Who’s saying that? Does Jim believe that those of us on the other side cannot distinguish the 19 long-dead “tiny band of thugs” — and all who supported them and continue to support what they did, as manifest around the world almost daily — from the great majority of Muslims who do not support Islamic terrorism?

There is a problem in the other direction, however, with those who minimize or dismiss “our vestigial fears.” The war against terrorism, which we are likely to be in for some time, requires a sober assessment of the circumstances we’re facing, neither understating nor overstating them. And one aspect of that is public opinion, including opinion, in particular, in the Muslim-American community. This morning’s New York Times has a page-one story about the divide in that community over the mosque issue. It’s those in that community who understand this issue that we need to encourage to come forward and stand for true American principles — including the principle that not everything a person has a right to do is right to do. It’s no more complicated than that.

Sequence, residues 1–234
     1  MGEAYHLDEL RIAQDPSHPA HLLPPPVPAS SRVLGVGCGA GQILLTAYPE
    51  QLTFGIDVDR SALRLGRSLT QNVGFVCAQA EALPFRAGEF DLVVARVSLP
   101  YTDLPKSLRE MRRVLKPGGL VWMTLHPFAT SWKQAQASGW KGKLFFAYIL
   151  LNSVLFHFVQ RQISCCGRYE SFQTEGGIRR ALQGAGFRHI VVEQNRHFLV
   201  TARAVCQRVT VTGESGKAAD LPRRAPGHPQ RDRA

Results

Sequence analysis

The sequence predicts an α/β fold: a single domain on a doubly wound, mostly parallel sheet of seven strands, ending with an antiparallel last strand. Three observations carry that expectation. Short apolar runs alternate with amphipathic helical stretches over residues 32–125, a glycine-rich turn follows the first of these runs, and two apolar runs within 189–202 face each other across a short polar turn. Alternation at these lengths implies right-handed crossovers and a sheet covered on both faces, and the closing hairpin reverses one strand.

Stalin Merits No Memorial, But His Victims Do

I have written previously about the damnable decision to include a bust of Stalin in the new National D-Day Memorial in Bedford, Virginia.  An excerpt of my attack on this misguided move:

Memorials are monuments to fallen heroes, not historical dioramas. There is no statue of Stephen Douglas at the Lincoln Memorial, no bust of Wendell Willkie at the FDR Memorial, and no plaques honoring Axis dead at our WWII Memorial. Moreover — and perhaps most importantly from a historical perspective – Stalin had no role in D-Day; the invasion of Normandy by U.S., British, Canadian, Australian, Free French, and other Western forces.